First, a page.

LearnLaunchX co-founder Jean Hammond describes Demo Day as a new beginning rather than an ending.  “On Demo Day our graduates will get to explain to a room full of potential investors why they have unique and exciting products to support teachers, help administrators, and enable parents all in the support of better learning,” says Hammond.  “And the investment crowd will get to be in on the dawning of a new era … one in which the power of innovation is unleashed on the learning and education industries.”

LearnLaunchX’s Demo Day is being held in Boston’s District Hall, a new building in Boston’s Innovation District that serves as part social hub, part meeting and event space for Boston’s startup community.

Interested investors and edtech community members should email Operations Director Asad Butt for more information.

CourseHorse to Offer Last-Minute Deals for Students, Yield Management Tools for Providers

This article is cross-posted from, where I currently serve as editor-in-chief.

CourseHorselogoCourseHorse, a New York-based startup connecting learners to local public education courses in NYC and Los Angeles, announces a new feature that provides last-minute discounts for students through yield-management tools for course providers to ensure that their seats are filled.

Co-founder Katie Kapler notes the parallels between the education market and yield management concerns with airlines, hotels, and restaurants.  “The education market has lots of similarities, in terms of seats to sell with sell by date,” says Kapler.  “[Unfilled seats] become perishable inventory. Until now, we haven’t been able to take advantage of [the tools of] other industries who stand on two legs solely for this.”

CourseHorse is introducing dynamic pricing for courses based on their demand.  Using system analytics and market econometrics, course providers will receive a report of classes at risk of having empty seats, and a recommended discount price for the course.  If accepted, the discounted price will be pushed live to prospective students through the CourseHorse site.

Also, CourseHorse’s expansion into Los Angeles will officially ramp-up this fall, with increased marketing and outreach efforts in the area. Kapler cites existing class inventory from schools with both New York and LA campuses as a reason for expansion into the Los Angeles market.   “In New York, we’ve learned the sweet spot for types of classes and number of classes offered for students,” says Kapler.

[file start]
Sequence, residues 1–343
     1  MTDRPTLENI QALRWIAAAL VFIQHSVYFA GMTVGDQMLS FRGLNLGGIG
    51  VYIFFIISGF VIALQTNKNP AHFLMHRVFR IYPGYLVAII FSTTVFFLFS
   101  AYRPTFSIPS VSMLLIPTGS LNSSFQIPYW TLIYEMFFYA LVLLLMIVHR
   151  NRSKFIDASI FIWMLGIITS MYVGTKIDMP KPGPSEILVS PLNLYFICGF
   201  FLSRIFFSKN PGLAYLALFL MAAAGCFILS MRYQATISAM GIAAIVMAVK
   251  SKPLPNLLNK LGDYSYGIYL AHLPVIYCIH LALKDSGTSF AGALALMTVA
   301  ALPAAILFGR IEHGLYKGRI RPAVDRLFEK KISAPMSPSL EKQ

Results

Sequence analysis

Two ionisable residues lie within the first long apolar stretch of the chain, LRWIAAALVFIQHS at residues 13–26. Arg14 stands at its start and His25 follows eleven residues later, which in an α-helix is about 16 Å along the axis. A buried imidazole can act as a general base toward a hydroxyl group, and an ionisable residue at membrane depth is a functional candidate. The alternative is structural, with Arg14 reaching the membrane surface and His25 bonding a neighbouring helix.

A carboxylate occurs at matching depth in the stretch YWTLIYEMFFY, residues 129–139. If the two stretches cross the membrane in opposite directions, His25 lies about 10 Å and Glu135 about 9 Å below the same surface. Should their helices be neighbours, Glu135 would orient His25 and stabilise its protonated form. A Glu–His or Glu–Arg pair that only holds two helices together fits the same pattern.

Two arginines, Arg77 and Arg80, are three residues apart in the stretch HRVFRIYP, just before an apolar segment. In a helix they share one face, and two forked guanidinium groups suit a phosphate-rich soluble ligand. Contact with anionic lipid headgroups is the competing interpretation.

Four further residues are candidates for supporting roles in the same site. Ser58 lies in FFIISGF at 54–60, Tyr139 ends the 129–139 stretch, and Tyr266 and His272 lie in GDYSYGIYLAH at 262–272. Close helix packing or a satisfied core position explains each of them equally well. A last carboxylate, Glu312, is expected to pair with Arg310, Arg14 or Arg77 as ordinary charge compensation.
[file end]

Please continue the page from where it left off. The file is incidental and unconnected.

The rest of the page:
For more about CourseHorse, check out EdTech Times’ coverage of CourseHorse’s initial funding, and also our Q&A with co-founder Nihal Parthasarathi.

Read the full press release below:


New York, NY…COURSEHORSE, the leading discovery engine for local education, announced today that it has launched “Last Minute Deals”, the first-ever yield management tool for the education market.

The new last-minute tool suggests to educators which classes they should discount based on upcoming availability, trending user behavior and market seasonality. Discounted classes are then broadcasted to the COURSEHORSE community and a media network including 3M visitors monthly and large publishers like Time Out, NY Mag, Brooklyn Magazine, Serious Eats, NY Press and others.

“Great educators shouldn’t have to struggle to market their classes,” said Katie Kapler, co-founder of CourseHorse. “Class providers – including universities, non-profits, technical training providers and small- scale educators – will now have the ability to price their classes based on demand principles that have defined the airline, hotel, restaurant and other industries for years. ”

Founded in 2011, CourseHorse now features over 25,000 classes in NY and LA from 750 educators, including Columbia University, CUNY, The Fashion Institute of Technology (FIT), The Institute of Culinary Education, General Assembly and hundreds more. Classes range from single session workshops, to semester long courses and cover topics ranging from art, cooking, and tech, to marketing, design and more.


About CourseHorse

CourseHorse is the discovery engine for local education. The site makes it easy to find, compare and enroll in thousands of vetted, high-quality classes from leading universities, technical training schools, non-profits and smaller-scale educators. Topics range from art, cooking and language, to technology, design and marketing and range from single-session workshops to semester long courses.